On Jul 6, 2013, at 6:46 PM, Jorge <email@example.com> wrote:
What i'm trying to say is that in your business logic nil must not have any extra meaning beyond what Lua gives it ("there is no data here"). And in that meaning, if I write a buble-sorting library i expect arrays to be arrays, where every slot is data bound to be sorted. If i was supposed to support a mythical "array with holes", i would have to copy all the data to a proper array first! And if the nil actually get somehow sorted, then it's not a nil, but proper data, that better have an agreed upon meaning trough all the program and libraries... The motivation for storing nils in arrays is to give them a meaning they do not have in the language, and it will collide with someone else's use, sooner or later.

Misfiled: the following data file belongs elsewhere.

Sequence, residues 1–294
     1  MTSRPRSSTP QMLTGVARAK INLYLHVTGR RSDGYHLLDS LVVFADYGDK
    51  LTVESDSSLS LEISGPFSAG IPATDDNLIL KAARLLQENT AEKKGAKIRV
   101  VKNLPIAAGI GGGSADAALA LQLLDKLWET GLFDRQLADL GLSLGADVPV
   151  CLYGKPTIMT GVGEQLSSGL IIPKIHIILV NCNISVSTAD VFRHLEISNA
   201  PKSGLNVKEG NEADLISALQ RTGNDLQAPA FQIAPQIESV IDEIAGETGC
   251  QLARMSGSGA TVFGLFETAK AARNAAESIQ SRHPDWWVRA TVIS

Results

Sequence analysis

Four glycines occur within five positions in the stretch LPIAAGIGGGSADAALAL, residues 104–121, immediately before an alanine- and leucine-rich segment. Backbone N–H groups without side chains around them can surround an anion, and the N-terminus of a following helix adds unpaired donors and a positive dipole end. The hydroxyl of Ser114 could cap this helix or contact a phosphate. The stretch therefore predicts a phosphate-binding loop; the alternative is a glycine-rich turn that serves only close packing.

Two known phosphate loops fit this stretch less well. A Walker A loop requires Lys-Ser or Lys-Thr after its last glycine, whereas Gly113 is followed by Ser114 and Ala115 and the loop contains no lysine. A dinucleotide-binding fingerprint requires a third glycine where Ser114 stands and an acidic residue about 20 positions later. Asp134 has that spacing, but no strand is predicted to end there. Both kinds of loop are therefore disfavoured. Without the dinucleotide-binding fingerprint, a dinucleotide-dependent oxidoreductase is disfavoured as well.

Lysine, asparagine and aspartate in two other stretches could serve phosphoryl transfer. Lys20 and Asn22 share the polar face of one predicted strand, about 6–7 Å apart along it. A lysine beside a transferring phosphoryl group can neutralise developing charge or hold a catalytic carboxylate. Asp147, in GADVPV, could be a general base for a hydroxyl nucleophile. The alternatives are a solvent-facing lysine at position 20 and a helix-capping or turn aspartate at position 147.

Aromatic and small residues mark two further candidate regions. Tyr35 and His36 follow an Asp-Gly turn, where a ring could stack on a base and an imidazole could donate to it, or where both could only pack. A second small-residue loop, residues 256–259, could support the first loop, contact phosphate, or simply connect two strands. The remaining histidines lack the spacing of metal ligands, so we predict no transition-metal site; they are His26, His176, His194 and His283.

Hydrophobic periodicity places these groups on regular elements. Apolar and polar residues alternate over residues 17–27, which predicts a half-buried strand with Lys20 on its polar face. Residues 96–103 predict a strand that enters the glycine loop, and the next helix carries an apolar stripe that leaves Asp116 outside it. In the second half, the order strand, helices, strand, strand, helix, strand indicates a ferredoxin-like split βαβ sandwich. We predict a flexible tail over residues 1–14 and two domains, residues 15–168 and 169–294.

100% agree, which is why my original proposal was NOT to fiddle with nil in any way; it was to add an 'empty' value which would just behave like a normal value except only be equal to itself. Then your array would not have holes, it could sort normally (assuming 'empty' had a distinguished collating behavior) etc. And yes, these uses DO have a tendency to collide, which is why I suggested some attempt at a standard or convention was a good idea.